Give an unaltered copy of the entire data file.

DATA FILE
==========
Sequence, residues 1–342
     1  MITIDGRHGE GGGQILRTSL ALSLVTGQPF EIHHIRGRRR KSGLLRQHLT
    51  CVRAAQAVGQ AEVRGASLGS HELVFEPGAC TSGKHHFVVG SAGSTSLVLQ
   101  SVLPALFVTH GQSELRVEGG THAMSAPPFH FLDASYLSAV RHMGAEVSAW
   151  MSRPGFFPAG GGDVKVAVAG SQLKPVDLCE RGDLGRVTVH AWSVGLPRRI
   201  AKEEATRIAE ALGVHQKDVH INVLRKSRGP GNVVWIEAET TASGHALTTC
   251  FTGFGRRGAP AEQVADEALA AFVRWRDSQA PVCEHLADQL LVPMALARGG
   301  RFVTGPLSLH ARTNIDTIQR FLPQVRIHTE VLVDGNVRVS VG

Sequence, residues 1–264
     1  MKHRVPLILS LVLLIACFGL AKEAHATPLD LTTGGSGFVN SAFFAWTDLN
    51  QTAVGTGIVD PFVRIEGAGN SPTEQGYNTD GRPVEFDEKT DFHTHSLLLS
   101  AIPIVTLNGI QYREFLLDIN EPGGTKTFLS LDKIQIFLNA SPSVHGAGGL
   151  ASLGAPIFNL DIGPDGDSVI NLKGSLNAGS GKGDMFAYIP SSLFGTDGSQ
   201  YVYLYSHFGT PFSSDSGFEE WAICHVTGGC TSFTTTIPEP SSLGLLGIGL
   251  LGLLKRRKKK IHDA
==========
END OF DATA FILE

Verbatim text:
Sequence, residues 1–342
     1  MITIDGRHGE GGGQILRTSL ALSLVTGQPF EIHHIRGRRR KSGLLRQHLT
    51  CVRAAQAVGQ AEVRGASLGS HELVFEPGAC TSGKHHFVVG SAGSTSLVLQ
   101  SVLPALFVTH GQSELRVEGG THAMSAPPFH FLDASYLSAV RHMGAEVSAW
   151  MSRPGFFPAG GGDVKVAVAG SQLKPVDLCE RGDLGRVTVH AWSVGLPRRI
   201  AKEEATRIAE ALGVHQKDVH INVLRKSRGP GNVVWIEAET TASGHALTTC
   251  FTGFGRRGAP AEQVADEALA AFVRWRDSQA PVCEHLADQL LVPMALARGG
   301  RFVTGPLSLH ARTNIDTIQR FLPQVRIHTE VLVDGNVRVS VG

Sequence, residues 1–264
     1  MKHRVPLILS LVLLIACFGL AKEAHATPLD LTTGGSGFVN SAFFAWTDLN
    51  QTAVGTGIVD PFVRIEGAGN SPTEQGYNTD GRPVEFDEKT DFHTHSLLLS
   101  AIPIVTLNGI QYREFLLDIN EPGGTKTFLS LDKIQIFLNA SPSVHGAGGL
   151  ASLGAPIFNL DIGPDGDSVI NLKGSLNAGS GKGDMFAYIP SSLFGTDGSQ
   201  YVYLYSHFGT PFSSDSGFEE WAICHVTGGC TSFTTTIPEP SSLGLLGIGL
   251  LGLLKRRKKK IHDA